Winners never quit and quitters never win, say some motivational speakers, but that’s a poor message for leaders. In real life, the best leaders know there are inevitably times when the wisest move is to step down, step back, or tactically retreat. Look at who’s wrestling with those issues right now.
-The most urgent strategic issue for anti-Trump Republicans is whether it’s smarter to fight him with three challengers or one. He has succeeded so far only because his opposition is splintered. On Super Tuesday, for example, his average share of the vote was just 35%; but the 65% who want someone else split their support among four challengers, so Trump finished first. You can’t help noticing that in the four primaries and caucuses on Saturday after one of those challengers, Ben Carson, dropped out, Trump won only two and Ted Cruz won two. Should John Kasich now drop out ASAP, and maybe even Cruz or Marco Rubio, so Trump’s opposition can consolidate its majority? Or, as Mitt Romney argued last week, should the three remaining challengers all do their best so that no one enters the convention with a majority of delegates? For three of the remaining four, deciding when to drop out will be their most important leadership decision of the campaign.
-Several retail CEOs have made the painful decision to close stores, clearly the right move when the industry is being turned inside out (and when today’s or yesterday’s company leaders didn’t get ahead of the trends). Walmart’s Doug McMillon will close 269 worldwide; J.C. Penney’s Marvin Ellison, 40; Macy’s Terry Lundgren, 25 to 40; Target’s Brian Cornell, 23. Retailers hate doing this, but smart CEOs know that lowering the company’s breakeven point and living to fight another day is a decision best not delayed.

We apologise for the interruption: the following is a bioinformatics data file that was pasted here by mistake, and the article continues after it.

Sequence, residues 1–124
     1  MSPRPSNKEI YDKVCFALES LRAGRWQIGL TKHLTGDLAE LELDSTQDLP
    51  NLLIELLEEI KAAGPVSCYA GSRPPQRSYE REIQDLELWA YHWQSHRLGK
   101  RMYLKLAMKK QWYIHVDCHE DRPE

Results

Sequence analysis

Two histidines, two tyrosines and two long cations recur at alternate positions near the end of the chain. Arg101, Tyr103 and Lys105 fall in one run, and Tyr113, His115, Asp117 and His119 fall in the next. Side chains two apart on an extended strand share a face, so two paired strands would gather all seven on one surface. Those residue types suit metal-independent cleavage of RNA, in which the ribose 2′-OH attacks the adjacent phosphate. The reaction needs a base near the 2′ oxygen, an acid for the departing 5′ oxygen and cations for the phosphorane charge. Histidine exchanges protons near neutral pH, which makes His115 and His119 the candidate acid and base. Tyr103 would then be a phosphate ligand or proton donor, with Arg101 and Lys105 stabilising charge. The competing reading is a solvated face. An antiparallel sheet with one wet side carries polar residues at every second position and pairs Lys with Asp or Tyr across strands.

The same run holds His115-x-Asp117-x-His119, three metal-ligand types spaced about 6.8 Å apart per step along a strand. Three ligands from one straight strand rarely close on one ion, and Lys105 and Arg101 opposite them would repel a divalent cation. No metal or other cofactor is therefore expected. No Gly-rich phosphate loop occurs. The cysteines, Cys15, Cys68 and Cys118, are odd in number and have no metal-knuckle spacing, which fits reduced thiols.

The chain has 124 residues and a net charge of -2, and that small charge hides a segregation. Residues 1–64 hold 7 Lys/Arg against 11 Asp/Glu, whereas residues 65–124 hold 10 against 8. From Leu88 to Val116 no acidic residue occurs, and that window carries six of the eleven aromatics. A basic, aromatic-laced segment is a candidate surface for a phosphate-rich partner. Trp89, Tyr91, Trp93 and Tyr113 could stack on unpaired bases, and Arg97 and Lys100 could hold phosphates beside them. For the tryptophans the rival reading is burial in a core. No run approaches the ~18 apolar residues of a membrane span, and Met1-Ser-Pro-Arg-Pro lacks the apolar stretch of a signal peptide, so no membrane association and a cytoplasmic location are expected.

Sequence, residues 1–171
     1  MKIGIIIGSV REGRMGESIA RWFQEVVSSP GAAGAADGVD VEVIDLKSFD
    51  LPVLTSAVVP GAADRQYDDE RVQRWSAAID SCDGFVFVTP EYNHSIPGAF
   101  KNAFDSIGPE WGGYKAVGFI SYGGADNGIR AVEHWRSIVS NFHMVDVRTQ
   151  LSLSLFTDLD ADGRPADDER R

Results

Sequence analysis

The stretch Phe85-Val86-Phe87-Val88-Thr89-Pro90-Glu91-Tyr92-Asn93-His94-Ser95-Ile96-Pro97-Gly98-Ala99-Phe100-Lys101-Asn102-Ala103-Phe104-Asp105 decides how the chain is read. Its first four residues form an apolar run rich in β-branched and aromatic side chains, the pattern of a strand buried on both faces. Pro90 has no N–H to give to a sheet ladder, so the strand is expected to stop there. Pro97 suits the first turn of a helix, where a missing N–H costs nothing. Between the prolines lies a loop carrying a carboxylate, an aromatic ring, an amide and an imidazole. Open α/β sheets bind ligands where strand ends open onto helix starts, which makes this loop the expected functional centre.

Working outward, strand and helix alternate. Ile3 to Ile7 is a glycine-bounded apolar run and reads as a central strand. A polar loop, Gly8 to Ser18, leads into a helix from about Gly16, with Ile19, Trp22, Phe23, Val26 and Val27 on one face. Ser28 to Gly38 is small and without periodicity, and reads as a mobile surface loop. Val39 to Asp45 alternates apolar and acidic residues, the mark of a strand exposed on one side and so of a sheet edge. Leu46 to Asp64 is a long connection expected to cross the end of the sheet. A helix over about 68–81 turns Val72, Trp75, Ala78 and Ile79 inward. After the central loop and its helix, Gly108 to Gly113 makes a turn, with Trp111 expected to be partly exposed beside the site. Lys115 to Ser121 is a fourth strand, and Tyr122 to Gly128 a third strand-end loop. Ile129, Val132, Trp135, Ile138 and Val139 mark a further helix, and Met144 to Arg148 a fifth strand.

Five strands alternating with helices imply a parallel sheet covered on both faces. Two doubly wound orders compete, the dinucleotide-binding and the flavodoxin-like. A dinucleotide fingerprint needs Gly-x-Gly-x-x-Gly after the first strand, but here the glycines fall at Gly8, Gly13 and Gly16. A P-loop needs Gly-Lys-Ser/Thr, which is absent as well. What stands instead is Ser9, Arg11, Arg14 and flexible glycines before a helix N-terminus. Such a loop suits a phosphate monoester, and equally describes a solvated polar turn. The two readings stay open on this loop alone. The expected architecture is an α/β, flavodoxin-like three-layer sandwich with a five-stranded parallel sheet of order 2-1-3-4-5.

-Should Britain drop out of the European Union? Prime Minister David Cameron and many of Britain’s top CEOs think not; London Mayor Boris Johnson and many other business leaders think it should. Johnson made his case for leaving on the BBC yesterday; Bank of England Governor Mark Carney will presumably argue for staying when he testifies to Parliament tomorrow. The nation will decide in a June 23 referendum. To argue for Brexit is to give up on the brilliant future that Conservative PM Edward Heath promised when the U.K. joined the Common Market, as it then was, in 1973. But plenty of leaders, include many Conservatives, now think it’s best.